In the recent unpublished decision, Ganjoin v. Hall, the Appellate Division reversed the trial court’s determination that the parties should split the cost of a forensic accountant 50/50. This post-judgment case arose out of a motion by the plaintiff mother to compel the defendant father to contribute to their child’s college education costs. The parties agreed in their MSA of ten years prior to share the cost of college in accordance with “their respective financial abilities” at the time the child reached college-age. The father cross-moved to reduce his child support, alleging that the mother’s net worth was much higher than she claimed. Both claimed to earn five figure salaries but the mother’s net worth was over seven times that of the father, due primarily to her real estate holdings. The father argued that her net worth was even higher than she claimed in her filings to the court based on both her monthly budget (which far exceeded her purported income) on her CIS and the absence of several properties from her CIS that she had previously claimed to have owned.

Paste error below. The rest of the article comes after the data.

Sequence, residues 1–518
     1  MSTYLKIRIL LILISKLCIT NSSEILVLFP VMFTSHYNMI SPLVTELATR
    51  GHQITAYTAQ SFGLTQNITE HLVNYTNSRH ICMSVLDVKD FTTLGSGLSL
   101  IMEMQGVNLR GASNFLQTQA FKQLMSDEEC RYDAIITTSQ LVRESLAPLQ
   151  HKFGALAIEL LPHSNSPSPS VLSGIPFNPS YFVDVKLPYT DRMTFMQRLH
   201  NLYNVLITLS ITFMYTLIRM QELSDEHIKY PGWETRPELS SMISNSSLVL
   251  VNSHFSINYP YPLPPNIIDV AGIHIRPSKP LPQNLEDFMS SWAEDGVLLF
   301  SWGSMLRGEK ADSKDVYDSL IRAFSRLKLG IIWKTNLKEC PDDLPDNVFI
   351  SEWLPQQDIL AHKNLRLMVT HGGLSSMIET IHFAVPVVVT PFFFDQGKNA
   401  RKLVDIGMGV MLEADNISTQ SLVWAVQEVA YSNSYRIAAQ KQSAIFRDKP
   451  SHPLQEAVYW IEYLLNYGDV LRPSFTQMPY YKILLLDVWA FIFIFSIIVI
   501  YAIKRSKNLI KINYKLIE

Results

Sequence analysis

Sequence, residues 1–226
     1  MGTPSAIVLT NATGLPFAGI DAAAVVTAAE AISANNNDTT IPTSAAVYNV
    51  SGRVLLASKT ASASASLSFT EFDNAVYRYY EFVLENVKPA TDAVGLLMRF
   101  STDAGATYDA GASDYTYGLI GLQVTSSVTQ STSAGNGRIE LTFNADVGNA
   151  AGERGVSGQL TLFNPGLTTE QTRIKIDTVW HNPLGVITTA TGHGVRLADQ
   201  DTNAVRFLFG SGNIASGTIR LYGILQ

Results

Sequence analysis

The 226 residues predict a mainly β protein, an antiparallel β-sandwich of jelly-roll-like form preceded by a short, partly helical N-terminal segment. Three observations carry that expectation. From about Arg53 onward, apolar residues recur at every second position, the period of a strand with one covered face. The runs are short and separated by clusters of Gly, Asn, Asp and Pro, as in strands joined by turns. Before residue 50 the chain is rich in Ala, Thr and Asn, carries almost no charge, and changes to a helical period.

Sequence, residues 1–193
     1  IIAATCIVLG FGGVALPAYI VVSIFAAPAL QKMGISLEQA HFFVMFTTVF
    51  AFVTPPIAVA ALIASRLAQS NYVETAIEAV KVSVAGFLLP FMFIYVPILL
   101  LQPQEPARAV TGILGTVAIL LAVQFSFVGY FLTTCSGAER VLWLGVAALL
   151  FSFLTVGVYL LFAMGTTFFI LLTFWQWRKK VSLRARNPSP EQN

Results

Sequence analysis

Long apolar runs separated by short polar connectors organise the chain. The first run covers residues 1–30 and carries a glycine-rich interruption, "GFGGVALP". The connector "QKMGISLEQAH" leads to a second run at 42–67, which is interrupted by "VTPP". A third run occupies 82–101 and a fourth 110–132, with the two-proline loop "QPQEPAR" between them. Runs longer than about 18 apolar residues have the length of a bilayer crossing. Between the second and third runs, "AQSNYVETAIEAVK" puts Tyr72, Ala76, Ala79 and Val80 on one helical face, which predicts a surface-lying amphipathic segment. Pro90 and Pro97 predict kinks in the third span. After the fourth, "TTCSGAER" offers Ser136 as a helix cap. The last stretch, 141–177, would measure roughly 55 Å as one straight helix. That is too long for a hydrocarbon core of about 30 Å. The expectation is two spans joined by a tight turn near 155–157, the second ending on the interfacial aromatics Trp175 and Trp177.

The court ordered a forensic accountant to investigate and that the parties should share the cost of the accountant 50/50 but “subject to readjustment by the Court upon completion of “ the accountant’s services. The mother did not cooperate with the accountant and the case lingered for over a year, at which time the Court directed the accountant to produce a report based on the knowledge he had acquired. The accountant had informed the court about the mother’s tactics and how it had prolonged the process. Although the parties eventually settled on the eve of trial, they disagreed as to paying the remainder of the accountant’s fee. The court invited written submissions and without hearing argument, ordered that the parties pay virtually identical amounts. The father appealed.
The Appellate Division reversed finding no support in the record for the trial court’s holding. The record demonstrated the mother’s refusal to surrender certain requested documents prolonged the process and inflated the accountant’s fees. Furthermore, the expert had been appointed to review the plaintiff’s income only as hers was the only one under question. The father successfully argued that he should not have to pay the same amount when he reported his income correctly from the onset and had nothing to do with the delays and mounting costs. The accountant’s report indicated that the mother had not presented a full and accurate picture of her finances, thus making the father’s position reasonable. The Court found both the mother’s bad faith and her disproportionally higher income both relevant in ordering her to pay a higher proportion of the fees and remanded to the lower court to determine the exact amount.